Political limits on the world oil trade : firm-level evidence from US firms
AbstractInternational politics affect trade patterns, especially for firms in extractive industries. We construct the firm-level dataset for the U.S. oil-importing companies over 1986-2010 to test whether the state of international relations with the trading partners of the U.S. affect importing behavior of the U.S. firms. To measure "political distance" between the U.S. and her trading partners we use voting records for the UN General Assembly. We find that the U.S. firms, in fact, import significantly less oil from the political opponents of the U.S. Our conjecture is that the decrease in oil imports is mainly driven by large, vertically-integrated U.S. firms that engage in foreign direct investment (FDI) overseas.
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Bibliographic InfoPaper provided by Institute of Developing Economies, Japan External Trade Organization(JETRO) in its series IDE Discussion Papers with number 401.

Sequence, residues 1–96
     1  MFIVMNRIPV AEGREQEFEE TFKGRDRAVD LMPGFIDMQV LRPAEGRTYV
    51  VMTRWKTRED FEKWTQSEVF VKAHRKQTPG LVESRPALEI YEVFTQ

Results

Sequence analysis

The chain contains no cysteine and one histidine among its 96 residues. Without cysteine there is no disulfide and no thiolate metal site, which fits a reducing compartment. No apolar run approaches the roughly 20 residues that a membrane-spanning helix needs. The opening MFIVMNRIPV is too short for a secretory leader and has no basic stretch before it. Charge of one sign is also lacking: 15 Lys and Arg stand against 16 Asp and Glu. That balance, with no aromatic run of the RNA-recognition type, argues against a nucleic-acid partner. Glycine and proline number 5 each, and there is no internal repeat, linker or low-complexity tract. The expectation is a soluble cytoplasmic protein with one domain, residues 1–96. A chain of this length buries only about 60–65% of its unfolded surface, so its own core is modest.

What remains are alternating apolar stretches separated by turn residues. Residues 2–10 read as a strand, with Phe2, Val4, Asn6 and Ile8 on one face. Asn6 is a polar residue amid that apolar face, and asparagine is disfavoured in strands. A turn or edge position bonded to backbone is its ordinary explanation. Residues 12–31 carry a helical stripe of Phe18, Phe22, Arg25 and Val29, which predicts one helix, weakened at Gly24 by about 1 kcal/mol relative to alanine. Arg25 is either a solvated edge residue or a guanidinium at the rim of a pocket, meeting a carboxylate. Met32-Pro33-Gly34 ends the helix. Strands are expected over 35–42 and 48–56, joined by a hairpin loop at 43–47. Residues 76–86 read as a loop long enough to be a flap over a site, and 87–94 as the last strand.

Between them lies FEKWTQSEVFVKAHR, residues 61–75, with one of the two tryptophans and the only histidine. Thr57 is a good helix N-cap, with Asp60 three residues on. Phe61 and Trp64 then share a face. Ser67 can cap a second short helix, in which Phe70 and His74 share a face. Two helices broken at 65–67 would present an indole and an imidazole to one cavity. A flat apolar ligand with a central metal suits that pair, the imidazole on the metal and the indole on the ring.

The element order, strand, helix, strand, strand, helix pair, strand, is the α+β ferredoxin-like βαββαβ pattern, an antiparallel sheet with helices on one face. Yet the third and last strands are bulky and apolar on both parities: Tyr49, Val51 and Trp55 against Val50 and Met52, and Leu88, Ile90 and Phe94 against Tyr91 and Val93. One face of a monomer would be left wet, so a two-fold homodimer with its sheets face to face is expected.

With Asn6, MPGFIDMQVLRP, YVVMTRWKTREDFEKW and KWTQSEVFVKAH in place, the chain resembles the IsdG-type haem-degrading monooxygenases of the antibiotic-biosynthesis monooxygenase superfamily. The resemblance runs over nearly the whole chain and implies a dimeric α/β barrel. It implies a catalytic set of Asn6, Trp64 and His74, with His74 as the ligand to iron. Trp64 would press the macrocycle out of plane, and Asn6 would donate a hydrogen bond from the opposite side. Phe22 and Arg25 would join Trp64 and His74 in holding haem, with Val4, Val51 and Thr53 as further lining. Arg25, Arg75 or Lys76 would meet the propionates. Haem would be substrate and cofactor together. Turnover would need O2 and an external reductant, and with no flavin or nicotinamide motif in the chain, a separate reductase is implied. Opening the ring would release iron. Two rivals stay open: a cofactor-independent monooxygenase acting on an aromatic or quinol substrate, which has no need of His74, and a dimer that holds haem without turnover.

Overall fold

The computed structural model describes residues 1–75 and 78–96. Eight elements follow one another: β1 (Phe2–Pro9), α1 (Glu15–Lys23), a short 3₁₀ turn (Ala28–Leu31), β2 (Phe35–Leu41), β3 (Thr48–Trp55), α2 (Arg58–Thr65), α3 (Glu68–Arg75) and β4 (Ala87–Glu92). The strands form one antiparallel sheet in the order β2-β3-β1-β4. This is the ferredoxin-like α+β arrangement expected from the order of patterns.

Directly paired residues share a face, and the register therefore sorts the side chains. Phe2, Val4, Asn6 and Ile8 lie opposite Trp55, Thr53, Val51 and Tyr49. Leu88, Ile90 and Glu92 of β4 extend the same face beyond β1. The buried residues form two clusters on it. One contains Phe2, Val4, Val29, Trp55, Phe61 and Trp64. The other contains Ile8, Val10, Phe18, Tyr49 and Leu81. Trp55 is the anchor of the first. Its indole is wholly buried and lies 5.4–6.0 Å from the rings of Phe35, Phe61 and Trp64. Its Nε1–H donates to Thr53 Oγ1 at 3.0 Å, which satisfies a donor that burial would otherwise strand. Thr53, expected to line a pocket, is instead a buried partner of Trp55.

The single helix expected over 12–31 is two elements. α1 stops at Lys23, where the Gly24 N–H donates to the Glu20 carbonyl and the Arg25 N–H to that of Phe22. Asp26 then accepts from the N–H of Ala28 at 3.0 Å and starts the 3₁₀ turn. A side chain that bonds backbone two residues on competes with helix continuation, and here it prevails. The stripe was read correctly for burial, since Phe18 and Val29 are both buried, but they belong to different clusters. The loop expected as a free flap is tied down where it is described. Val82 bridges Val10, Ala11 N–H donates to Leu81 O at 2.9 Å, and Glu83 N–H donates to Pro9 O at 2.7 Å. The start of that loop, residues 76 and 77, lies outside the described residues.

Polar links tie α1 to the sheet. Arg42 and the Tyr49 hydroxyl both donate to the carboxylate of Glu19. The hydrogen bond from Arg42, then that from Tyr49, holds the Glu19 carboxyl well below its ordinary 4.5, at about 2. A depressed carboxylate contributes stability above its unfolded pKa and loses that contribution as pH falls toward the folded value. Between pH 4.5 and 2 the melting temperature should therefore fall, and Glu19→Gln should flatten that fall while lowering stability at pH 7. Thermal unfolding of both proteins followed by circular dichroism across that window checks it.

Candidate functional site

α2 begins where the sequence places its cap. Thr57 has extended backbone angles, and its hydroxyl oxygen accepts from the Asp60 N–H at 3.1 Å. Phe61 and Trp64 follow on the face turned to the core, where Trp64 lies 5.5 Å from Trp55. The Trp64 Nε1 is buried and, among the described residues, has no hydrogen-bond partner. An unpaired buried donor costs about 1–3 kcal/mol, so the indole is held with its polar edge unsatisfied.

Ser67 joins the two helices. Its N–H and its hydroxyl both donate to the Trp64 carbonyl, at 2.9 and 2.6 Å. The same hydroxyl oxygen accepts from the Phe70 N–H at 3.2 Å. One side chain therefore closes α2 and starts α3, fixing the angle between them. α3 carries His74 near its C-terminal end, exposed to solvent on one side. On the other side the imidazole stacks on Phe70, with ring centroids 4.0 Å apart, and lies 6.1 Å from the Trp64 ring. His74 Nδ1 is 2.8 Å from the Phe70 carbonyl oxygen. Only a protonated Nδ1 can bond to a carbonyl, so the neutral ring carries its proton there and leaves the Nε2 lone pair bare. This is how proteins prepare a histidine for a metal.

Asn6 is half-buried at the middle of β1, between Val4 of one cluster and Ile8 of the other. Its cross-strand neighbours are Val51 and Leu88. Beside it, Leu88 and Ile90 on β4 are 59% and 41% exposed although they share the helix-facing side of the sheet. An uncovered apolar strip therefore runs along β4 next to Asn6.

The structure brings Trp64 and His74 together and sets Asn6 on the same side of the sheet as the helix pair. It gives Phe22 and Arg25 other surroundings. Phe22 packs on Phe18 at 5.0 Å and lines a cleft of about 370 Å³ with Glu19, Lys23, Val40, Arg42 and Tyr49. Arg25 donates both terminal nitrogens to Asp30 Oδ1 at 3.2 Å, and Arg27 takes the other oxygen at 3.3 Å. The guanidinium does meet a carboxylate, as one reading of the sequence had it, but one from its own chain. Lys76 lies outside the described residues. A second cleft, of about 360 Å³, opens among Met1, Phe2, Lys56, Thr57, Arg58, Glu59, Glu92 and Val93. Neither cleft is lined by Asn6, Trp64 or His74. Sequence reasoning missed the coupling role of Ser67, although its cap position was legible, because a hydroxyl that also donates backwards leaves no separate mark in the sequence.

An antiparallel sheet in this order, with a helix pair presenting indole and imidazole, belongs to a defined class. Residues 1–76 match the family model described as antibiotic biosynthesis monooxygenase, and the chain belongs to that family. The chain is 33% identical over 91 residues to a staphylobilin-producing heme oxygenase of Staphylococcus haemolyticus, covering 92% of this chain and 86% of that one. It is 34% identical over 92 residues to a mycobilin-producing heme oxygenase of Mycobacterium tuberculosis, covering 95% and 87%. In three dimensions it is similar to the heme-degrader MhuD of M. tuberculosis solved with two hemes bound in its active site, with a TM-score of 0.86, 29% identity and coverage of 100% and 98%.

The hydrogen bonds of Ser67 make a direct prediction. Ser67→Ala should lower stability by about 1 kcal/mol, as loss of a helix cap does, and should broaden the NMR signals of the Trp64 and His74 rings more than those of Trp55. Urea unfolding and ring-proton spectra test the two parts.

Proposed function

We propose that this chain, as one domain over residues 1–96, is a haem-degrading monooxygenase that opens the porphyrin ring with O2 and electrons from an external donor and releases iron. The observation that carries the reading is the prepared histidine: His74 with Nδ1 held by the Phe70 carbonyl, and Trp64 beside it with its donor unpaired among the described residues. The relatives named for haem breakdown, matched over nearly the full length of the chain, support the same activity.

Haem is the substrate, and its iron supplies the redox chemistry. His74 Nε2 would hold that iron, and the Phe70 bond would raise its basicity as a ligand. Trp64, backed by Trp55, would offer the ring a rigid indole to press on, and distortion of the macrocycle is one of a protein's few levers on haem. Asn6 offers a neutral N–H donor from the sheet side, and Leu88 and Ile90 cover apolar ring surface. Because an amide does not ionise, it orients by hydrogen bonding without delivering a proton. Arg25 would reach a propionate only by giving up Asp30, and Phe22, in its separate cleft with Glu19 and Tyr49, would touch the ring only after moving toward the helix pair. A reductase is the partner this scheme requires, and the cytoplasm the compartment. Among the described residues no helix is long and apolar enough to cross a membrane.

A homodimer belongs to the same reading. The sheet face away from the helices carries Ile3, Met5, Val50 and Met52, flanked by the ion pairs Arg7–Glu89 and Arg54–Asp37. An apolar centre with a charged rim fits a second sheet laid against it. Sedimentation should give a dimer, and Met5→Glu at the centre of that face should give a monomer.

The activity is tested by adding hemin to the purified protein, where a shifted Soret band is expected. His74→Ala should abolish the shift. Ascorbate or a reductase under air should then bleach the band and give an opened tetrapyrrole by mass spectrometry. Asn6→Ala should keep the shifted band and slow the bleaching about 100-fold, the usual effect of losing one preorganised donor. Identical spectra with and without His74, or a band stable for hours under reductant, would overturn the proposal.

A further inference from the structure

Date of creation: Mar 2013
Date of revision:
Publication status: Published in IDE Discussion Paper. No. 401. 2013.3
Postal: Publication Office, IDE 3-2-2 Wakaba, Mihama-ku, Chiba-shi, Chiba 261-8545 JAPAN
Find related papers by JEL classification:
- F14 - International Economics - - Trade - - - Empirical Studies of Trade
- F51 - International Economics - - International Relations and International Political Economy - - - International Conflicts; Negotiations; Sanctions
- Q34 - Agricultural and Natural Resource Economics; Environmental and Ecological Economics - - Nonrenewable Resources and Conservation - - - Natural Resources and Domestic and International Conflicts
This paper has been announced in the following NEP Reports:
- NEP-ALL-2013-04-06 (All new papers)
- NEP-BEC-2013-04-06 (Business Economics)
- NEP-ENE-2013-04-06 (Energy Economics)
- NEP-POL-2013-04-06 (Positive Political Economics)
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